Milk serum, which represents up to 90% of the gross product in cheesemaking, has been considered for years only as a supplement for animal feeding or, where it could not be used for this purpose due to shipping problems, as a waste byproduct to deal with. Sweet milk serum is a liquid diluted byproduct derived by cheese production. It contains lactose, proteins and minerals, however, the serum can be processed in order to extract minerals, e.g. through electrodialysis. This is how we can make demineralized milk serum. If compared to other products, it has better organoleptic characteristics, low acidity and low solubility.
Characteristics of main milk serum derivatives
Largely employed as base ingredient in the infant nutrition, as a substitute for breast milk, demineralized milk serum is used as raw material for multiple food products: it is used to produce dairy products (whole milk production, ice cream production, spreadable cream cheese, cottage cheese and other kinds of cheese); in the baking industry (cakes, sweets); in the meat industry (deli meats, salami and pate).
The serum contains, besides proteins, lactose and mineral salts that can be recovered and turned into high added-value substances.
Demineralization process aims to maintain lactose and proteins of the serum while decreasing the mineral content (up to -90%). It is a process based on ion–exchange resins, i.e. insoluble organic substances that are able to exchange their ions with other ions having the same charge and contained within the solution in which they are submerged.
Demineralized serum, which is subsequently crystallized and dried up, is largely used as base ingredient in nutrition for infancy, as a substitute for breast milk; moreover, as we have already mentioned, it is also employed as raw material for several food products and in the pharmaceutical industry.
Demineralization process takes place, as already mentioned, through electrodialysis or ion – exchange resins, but those are not the only technologies used, in fact nano-filtration and ultrafiltration are other possible technologies employed. Membrane technologies, at the present, allows to significantly value serum and in particular we must cite the following applications:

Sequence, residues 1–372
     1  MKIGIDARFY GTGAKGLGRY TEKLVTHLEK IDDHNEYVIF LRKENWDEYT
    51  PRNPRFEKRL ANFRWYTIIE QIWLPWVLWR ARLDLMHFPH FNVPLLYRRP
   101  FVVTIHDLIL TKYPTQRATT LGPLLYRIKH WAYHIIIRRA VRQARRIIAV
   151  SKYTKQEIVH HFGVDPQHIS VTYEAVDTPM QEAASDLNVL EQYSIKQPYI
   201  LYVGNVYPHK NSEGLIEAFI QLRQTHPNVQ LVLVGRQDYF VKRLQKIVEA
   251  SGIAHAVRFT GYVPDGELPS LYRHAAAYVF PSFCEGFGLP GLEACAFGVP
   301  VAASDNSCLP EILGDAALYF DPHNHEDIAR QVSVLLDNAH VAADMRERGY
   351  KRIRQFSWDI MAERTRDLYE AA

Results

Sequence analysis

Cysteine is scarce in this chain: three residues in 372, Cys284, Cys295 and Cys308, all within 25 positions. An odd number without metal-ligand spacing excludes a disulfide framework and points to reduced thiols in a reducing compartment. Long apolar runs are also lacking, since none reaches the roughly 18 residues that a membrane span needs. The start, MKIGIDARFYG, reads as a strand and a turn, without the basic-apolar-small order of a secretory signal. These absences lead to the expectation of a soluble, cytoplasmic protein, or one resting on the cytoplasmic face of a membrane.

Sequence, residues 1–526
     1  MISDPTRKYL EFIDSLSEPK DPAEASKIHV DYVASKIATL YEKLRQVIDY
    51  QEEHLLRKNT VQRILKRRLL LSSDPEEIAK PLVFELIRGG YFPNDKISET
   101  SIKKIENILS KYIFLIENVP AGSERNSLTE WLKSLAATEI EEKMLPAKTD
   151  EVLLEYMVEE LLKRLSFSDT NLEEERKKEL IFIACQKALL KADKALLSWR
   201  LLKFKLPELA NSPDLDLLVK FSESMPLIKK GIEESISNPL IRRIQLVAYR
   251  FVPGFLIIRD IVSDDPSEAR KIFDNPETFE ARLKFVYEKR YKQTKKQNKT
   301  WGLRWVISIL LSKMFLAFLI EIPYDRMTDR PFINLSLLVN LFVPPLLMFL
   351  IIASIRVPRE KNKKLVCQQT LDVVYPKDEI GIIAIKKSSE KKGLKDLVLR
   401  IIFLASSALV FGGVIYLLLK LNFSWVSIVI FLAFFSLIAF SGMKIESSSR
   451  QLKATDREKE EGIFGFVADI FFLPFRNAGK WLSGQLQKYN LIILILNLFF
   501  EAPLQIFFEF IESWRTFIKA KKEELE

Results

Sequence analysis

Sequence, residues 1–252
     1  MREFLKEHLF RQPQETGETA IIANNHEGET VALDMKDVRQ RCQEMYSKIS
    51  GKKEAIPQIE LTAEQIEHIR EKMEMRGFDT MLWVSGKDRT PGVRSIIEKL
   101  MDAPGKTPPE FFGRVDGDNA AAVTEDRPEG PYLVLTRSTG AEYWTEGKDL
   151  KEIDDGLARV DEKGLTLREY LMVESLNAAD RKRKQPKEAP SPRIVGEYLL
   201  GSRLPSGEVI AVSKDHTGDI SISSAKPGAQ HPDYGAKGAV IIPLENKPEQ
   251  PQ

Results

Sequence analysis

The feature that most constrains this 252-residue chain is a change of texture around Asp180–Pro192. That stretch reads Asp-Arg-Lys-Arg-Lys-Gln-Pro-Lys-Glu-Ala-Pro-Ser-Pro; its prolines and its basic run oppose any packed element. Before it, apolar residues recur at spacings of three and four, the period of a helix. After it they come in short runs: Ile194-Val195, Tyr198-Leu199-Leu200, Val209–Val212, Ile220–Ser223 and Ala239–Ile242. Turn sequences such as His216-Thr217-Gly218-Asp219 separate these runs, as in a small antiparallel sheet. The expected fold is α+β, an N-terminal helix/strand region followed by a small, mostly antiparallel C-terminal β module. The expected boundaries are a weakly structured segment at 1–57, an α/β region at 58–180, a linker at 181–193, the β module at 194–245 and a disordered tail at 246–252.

ultrafiltration, which allows to almost totally recover proteins and fats in concentrated form, with the possibility to further process – for recovering lactose – the permeate that contains lactose and mineral salts, besides obtaining lactose powder; inverted osmosis, which concentrates the whole mass about three times, and this mass can be concentrated even further by heat treatment to obtain a protein flour. The permeate is good quality water which can be reused into cheese factory or discharged in surface water; nano-filtration, which is similar to inverted osmosis but, unlike the first one, allows the passage of a portion of mineral salts contained in the permeate (especially chlorides), then providing a partially demineralized concentrate.
High protein content and low fat content of milk serum in its demineralized powdered form is well known; these qualities, within a global market that is growing more and more technologic and which focuses on products more suitable for a health-conscious lifestyle, represent an added value for the growth of this ingredient. The increasing world population and the growing demand for artificial milk are a contributing factor to this phenomenon.
The market for demineralized powdered milk serum is segmented based on how the ingredient is used (artificial milk, baking products, sweet baking products, milk and dairy products, beverages and others). Among all the segments, artificial milk should be the most dominant on long-term and also from a financial perspective. This ingredient is also widely used in the beverage industry, especially to support foaming, stability and mouth feel. Another leading industry for the growth of this ingredient is packaged infancy food products.
However, there is also a geographical segmentation, North America and Western Europe are mature markets, while emerging markets, such as Pacific Asia, will have substantial growth opportunities over the next ten years. These favorable predictions are based in the first place on the technological advance of processing industries for milk serum and on an increasing consumption of packaged food products and low-calorie products both in the Pacific Asia and in Middle East and Africa.